• briansolis

      Excellent observation. There also isn’t a character count. I wonder if the verified symbol will make the next round of updates

  • Cendrine Marrouat


    This has to be one of your best posts ever! I absolutely agree with everything. As a journalist myself, I spend hours checking and cross-checking sources and info. And even with that, it can sometimes be difficult to get to the truth.

    The service you describe in your article is definitely not something I would use. As Jason Falls mentions, it’s an open invitation to libel and slander.

    I guess it’s better to embed your tweets than posting screenshots, then?

    Brilliant way of tooting your own book, by the way. :-)

    • briansolis

      What a lovely comment. It sure has sparked an interesting and important discussion. Here’s to you!

  • Charlene Li

    Ok, you got me! I got distracted (thanks kids!) and didn’t scroll all the way down to the details. I knew you were connected, but I was trying to figure out who contacted all of these folks and successfully convinced them to tweet for you!

    And yes, I once believed someone who told me that the word “gullible” wasn’t in the dictionary.

    Setting aside the ethics of lemmetweetthatforyou for a moment, your post also raises how easy it is for all of us to simply RT an interesting tweet without following the link through to check the veracity of link. Blame it on laziness or the desire to be the first person to break a story to your followers. Whatever the motivation, this should give us pause to put on our thinking caps.

    • Linda D’Alessandro

      Truth, about checking and reading always the link before reposting or retweeting it! If I am interested in the link, but don’t have time to read and check it, I just favorite it, to get back to the content in the link later. We have to stay vigilant, always!

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  • Ralph Bastarache

    I thoroughly enjoyed this post (and the convo you had on Twitter with @jasonfalls) and had to check the site out. I am surprised that Twitter would allow access to its API for such a service, perhaps that is where the liability rests? Definitely not a site I will use.

    • briansolis

      Thank you for the comment and for following along!

  • Barrett Rossie

    Those fakes were some of the best tweets I’ve seen in a while. Well done sir!

    • briansolis

      Thanks Barrett, I had fun putting myself in character for each 😉

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  • Wanda J. Barreto

    Hilarious tweets! My faves are those of Ellen Degeneres and Dalai Lama 😀 Thank you for the wake-up call. We always need to verify that what we see is right and that it comes from a trusted source. Great article!

    • briansolis

      Thank you Wanda! Verification is more important than ever before!

  • Mike Bailey

    So just who can we trust? I’m waiting for Jeff Gordon to pretend he got a Tweet from me saying he drives me round the bend! When is he gonna win again!

    • briansolis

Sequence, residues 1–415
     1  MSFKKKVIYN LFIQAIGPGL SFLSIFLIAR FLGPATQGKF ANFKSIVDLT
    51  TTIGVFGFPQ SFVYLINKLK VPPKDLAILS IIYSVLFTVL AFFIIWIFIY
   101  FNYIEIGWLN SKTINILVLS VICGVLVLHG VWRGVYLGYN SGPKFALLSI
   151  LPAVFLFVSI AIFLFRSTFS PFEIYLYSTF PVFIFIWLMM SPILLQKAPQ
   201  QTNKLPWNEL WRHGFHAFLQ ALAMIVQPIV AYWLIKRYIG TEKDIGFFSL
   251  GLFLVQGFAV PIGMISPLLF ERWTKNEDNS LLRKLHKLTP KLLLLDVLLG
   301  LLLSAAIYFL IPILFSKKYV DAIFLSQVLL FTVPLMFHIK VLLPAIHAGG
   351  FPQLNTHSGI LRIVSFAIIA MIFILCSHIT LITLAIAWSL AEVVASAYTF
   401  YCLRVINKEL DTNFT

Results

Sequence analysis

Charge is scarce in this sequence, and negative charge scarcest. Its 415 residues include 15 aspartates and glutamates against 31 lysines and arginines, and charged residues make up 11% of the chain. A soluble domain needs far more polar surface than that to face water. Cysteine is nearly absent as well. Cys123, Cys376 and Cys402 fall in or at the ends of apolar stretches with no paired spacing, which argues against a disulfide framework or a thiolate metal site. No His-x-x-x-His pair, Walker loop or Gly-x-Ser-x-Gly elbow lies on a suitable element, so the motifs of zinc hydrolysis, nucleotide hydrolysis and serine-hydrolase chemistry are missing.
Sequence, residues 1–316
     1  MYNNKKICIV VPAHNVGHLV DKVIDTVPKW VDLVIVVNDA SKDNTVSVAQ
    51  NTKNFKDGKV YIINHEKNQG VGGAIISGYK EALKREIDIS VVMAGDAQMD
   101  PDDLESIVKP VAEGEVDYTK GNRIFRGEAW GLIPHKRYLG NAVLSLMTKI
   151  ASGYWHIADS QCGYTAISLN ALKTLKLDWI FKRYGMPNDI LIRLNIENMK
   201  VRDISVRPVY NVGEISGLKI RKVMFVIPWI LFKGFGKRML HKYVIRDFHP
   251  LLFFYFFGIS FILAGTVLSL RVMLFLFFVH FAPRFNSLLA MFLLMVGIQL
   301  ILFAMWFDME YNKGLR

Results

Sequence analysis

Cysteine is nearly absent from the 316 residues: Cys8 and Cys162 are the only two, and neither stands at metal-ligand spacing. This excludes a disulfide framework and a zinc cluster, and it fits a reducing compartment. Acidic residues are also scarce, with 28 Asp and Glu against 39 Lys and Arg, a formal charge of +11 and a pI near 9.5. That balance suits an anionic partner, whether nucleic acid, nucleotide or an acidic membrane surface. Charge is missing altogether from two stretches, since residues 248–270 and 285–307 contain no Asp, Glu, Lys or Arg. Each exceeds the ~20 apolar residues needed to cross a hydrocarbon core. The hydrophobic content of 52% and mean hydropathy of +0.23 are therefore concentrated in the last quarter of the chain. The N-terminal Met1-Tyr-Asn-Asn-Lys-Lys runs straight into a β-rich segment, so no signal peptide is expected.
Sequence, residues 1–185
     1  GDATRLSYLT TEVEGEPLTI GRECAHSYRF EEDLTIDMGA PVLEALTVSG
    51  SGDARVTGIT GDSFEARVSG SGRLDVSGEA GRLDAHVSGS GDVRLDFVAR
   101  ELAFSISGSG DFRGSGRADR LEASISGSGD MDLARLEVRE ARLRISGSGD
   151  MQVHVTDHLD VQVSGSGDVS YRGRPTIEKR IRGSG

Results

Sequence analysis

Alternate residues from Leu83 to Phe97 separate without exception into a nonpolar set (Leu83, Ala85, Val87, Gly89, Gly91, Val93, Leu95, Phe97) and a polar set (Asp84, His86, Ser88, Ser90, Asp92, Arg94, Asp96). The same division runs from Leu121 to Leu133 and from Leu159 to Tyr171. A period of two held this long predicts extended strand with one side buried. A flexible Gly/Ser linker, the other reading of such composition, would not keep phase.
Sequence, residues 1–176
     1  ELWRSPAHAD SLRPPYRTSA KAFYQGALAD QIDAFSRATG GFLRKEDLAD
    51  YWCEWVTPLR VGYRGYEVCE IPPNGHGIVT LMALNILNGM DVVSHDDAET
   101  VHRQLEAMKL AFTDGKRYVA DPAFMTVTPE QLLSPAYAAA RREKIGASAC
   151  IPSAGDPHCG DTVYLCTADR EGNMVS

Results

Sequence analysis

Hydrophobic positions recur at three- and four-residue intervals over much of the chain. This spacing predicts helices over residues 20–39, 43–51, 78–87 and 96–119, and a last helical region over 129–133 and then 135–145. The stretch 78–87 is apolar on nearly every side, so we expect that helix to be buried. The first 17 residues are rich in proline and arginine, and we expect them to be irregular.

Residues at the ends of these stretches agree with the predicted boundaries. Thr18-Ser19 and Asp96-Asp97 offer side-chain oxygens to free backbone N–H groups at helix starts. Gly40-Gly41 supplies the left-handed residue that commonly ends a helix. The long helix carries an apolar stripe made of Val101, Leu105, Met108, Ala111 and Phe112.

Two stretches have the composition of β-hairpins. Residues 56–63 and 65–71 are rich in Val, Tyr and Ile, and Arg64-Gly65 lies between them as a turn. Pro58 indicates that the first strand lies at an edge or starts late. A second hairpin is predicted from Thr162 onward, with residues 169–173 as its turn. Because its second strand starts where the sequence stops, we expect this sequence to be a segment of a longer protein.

I hope you get that tweet Mike! But your point is spot on. We just need to be a bit more cautious in a real-time world and call out sites and practices like this to create awareness and movements.

  • Linda D’Alessandro

    OMG…I was not aware of this FakeTweetToot. This is insane. It is like Identity theft! Is Twitter considering any legal actions or forcing the “service” to shut down?

    • briansolis

      Can you believe it’s been around for a year and is only now getting attention. I hope that Twitter does apply its pressure. I can’t tell you how many people retweeted the post without reading it…the original headline was a bit different to test how many people actually read before they shared.

    • Linda D’Alessandro

      I am surprised that Twitter has not reacted yet; I have tried to look for some information on the web but there was non. At this point verification of facts will be the number one priority! Thank you!

    • briansolis

      exactly. :)

    • Michael Griffin

      Even if the service goes away, anyone with a modicum of PhotoShop skill could fake the screenshots. Even easier: just edit anyone’s tweet in Chrome’s “inspect element” window and screenshot the results; NBD.

    • briansolis

      true. people are already doing this with tools as simple as Paint.

    • JD Lasica

      This is crazy-ridiculous. Twitter lets this go for a year, and I can’t get Twitter to hand over a handle, after 2 months, when the person who created the account some years ago has never used it. What are these 2,000 employees doing?

    • briansolis

      JD, that’s crazy…and oh so true.

  • Dan Holden

    That was hilarious, what a great read!

    • briansolis

      Thanks for reading Dan!

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Brian Solis is a digital analyst, anthropologist, and also a futurist. In his work at Altimeter Group, Solis studies the effects of disruptive technology on business and society. More so, he humanizes technology’s causal effect to help people see people differently and understand what to do about it. He is an award-winning author and avid keynote speaker who is globally recognized as one of the most prominent thought leaders in digital transformation and innovation.

Brian has authored several best-selling books including What’s the Future of Business (WTF), Engage! and The End of Business as Usual. His blog,, is ranked as a leading resource for insights into the future of business, new technology and marketing.